Karen Luken: A one-woman waste management authority
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When Karen Luken says she feels “blessed” to have had a career in solid waste management, she isn’t joking, even if you can hear the lilt of a laugh behind her words. For 25 years, Luken — currently the global director of the waste management program for the C40 Cities Climate Leadership Group (a partnership with the Clinton Climate Initiative) — has been wrestling with the thorny problem of how best to dispose of all the crap that humans throw away. By her own account, she’s loved every minute of it. She’s making the world a better place, one closed landfill at a time.
Her love affair with waste began in the 1980s, when a scandal emerged over undisclosed uranium emissions at a nuclear weapons plant in Ohio. At the time, Luken was working as an intern for the Ohio congressman whose district included the plant, and she quickly became immersed in the environmental, political, and scientific intricacies of hazardous waste management. The experience, she says, served her well.
“Solid waste is really political,” says Luken. “It’s the one public service that people interact with on a daily basis, and because of that it’s very intimidating for government officials to change solid waste systems.”
In her current job, where she jets across the world helping cities in Nigeria or Mexico or Brazil or Bolivia transition away from massive open-dump landfills that are often within the city limits, being able to understand the big picture is critical.
Landfills in developing nations are often the source of livelihood for workers whose only income comes from picking through garbage and selling reusable bits to garbage brokers. In Jakarta, says Luken, there’s a landfill that supports 10,000 people. Closing such a facility without providing alternate economic opportunities for those workers would be a disaster.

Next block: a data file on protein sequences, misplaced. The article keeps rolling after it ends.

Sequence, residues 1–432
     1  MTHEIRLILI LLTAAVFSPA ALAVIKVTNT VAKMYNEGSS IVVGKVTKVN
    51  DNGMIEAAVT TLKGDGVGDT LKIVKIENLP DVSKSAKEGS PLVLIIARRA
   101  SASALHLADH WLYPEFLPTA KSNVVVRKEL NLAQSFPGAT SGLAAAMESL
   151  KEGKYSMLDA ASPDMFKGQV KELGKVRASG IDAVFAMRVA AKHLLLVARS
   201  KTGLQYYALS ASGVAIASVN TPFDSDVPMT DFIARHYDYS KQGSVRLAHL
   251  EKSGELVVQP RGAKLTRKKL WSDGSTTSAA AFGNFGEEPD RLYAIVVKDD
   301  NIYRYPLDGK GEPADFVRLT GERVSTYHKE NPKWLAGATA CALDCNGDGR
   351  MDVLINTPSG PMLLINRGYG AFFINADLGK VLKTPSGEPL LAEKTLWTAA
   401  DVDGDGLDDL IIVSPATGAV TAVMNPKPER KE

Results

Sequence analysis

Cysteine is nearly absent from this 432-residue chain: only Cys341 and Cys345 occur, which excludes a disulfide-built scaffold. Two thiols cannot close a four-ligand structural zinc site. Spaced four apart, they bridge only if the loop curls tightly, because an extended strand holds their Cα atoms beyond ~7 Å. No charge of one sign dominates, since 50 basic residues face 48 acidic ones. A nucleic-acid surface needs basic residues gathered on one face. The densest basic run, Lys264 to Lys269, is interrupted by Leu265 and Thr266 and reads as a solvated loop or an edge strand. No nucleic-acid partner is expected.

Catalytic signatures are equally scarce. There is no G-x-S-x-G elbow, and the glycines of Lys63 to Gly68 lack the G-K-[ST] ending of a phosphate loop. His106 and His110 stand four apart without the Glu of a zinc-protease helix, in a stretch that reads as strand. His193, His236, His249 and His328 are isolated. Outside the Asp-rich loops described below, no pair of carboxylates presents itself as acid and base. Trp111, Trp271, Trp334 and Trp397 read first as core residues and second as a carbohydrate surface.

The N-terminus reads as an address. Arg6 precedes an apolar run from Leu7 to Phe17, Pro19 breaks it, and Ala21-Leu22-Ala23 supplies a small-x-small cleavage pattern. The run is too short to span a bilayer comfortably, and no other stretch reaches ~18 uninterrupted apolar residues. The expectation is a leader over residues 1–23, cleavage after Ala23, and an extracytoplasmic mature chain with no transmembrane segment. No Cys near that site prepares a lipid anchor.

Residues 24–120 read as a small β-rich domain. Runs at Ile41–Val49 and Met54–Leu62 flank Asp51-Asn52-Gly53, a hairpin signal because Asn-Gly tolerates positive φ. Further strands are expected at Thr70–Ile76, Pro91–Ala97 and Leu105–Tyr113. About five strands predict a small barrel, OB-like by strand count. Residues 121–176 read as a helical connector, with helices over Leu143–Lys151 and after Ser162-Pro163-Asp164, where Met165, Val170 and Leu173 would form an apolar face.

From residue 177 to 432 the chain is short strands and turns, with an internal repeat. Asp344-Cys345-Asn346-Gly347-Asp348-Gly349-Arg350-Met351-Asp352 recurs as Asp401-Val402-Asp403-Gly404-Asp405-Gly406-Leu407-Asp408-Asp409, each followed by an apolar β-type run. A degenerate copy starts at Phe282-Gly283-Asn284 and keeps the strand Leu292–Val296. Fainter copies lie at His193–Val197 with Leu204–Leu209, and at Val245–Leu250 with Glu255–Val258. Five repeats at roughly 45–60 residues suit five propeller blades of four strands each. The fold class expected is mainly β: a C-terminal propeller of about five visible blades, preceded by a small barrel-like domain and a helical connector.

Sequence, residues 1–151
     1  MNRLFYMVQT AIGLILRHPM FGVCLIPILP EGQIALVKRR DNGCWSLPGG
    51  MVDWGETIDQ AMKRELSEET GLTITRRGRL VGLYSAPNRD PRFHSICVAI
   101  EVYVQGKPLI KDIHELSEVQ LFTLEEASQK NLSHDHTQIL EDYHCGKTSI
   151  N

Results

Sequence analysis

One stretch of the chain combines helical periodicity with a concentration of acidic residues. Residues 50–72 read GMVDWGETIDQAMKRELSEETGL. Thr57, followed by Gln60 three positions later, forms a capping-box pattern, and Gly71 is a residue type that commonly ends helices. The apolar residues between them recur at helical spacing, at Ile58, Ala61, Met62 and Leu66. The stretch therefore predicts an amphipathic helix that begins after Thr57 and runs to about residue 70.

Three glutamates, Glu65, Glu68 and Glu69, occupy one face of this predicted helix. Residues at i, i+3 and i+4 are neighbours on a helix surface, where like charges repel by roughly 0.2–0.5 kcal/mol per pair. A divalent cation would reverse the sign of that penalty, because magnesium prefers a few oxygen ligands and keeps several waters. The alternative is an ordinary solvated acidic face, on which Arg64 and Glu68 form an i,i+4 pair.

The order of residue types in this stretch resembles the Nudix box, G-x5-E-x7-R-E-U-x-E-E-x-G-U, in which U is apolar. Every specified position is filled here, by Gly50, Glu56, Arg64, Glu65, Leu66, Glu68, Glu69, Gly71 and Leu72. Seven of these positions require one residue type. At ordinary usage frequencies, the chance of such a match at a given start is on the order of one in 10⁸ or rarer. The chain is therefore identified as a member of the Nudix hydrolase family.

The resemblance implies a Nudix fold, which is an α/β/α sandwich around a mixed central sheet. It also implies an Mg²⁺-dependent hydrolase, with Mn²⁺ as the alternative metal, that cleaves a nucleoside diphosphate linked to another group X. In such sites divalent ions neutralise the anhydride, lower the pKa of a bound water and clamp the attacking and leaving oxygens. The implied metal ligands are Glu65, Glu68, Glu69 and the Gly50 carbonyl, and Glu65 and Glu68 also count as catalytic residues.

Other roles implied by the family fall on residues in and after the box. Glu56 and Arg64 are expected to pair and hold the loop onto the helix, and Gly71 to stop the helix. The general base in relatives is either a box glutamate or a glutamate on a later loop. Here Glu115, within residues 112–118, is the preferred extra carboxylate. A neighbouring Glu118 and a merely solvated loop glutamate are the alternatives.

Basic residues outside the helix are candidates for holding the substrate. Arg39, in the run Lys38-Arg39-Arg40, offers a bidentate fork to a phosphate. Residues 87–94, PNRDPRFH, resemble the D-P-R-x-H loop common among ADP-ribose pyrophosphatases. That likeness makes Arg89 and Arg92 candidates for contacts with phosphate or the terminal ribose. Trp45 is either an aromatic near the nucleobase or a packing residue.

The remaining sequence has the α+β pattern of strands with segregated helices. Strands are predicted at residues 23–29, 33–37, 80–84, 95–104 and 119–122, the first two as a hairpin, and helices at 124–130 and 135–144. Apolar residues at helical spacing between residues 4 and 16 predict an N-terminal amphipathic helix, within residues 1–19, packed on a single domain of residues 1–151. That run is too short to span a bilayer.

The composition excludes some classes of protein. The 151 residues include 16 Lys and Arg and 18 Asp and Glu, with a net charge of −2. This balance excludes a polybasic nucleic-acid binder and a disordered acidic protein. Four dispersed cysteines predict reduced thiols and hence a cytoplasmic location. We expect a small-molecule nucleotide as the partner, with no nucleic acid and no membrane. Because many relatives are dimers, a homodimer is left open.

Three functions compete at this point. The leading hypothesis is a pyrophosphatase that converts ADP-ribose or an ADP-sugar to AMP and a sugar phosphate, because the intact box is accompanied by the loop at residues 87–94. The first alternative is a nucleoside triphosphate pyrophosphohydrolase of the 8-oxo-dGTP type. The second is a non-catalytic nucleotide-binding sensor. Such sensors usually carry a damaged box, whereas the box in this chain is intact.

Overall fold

But everything about solid waste management has economic and environmental consequences, explains Luken. There’s a climate change angle: Landfills are sources of vast amounts of methane, a greenhouse gas hundreds of times more potent than carbon dioxide. Organic waste can be diverted to composting, creating healthy soil in countries that are desperate for fertilizer. In areas where electricity prices are high, waste-to-energy facilities can make excellent economic sense.
But there’s no one-size-fits-all solution. Luken cautions that any plan to minimize the amount of waste that ends up in landfill has to take into account what local and international markets for recyclable materials can support.
“Some recyclables, like aluminum, are always valuable,” says Luken. “No matter how the economy is doing, you can always sell your aluminum. But other materials, like fiber and paper, are very dependent on the economy. If we aren’t buying televisions that are packaged in cardboard boxes from China, then China isn’t buying our paper.”
Even though Luken’s work takes place under the larger umbrella of C40 and the Clinton Climate Initiative, she cautions that most of the developing countries that are seeking to better manage their waste aren’t doing it for climate reasons. They’re simply trying to get rid of garbage more efficiently — or to clean up their big cities in advance of showcase events like a World Cup. And as environmental economics researchers have long understood, once you get rid of the stuff that smells or looks bad, it’s much harder to take the next step, and deal with greenhouse gases that are essentially invisible to the general public.
That’s one reason, Luken believes, why the U.S., which has relatively stringent laws on solid waste disposal, has been “coasting” for the last 10 years in terms of making any further progress. Very few innovative new technologies — such as the anaerobic digestion of organic waste by bacteria currently being implemented in Europe — have come online in the U.S. in recent years. “Whenever there is a budget to be cut,” says Luken, “recycling seems to be first up on the chopping block.”
“It’s because we just don’t see it any more,” she says. “We don’t have landfills in our cities. The magic fairies just come in the night and it all goes away.”
More stories in this series:
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Can sustainability make sense in the inner city? Sure — if you talk about saving money instead of saving polar bears.
Salvaging a notoriously polluted urban creek takes nerds of steel.
Erick Boustead first brewed his heady mixture of music, organizing, and online media to fund a skate park.
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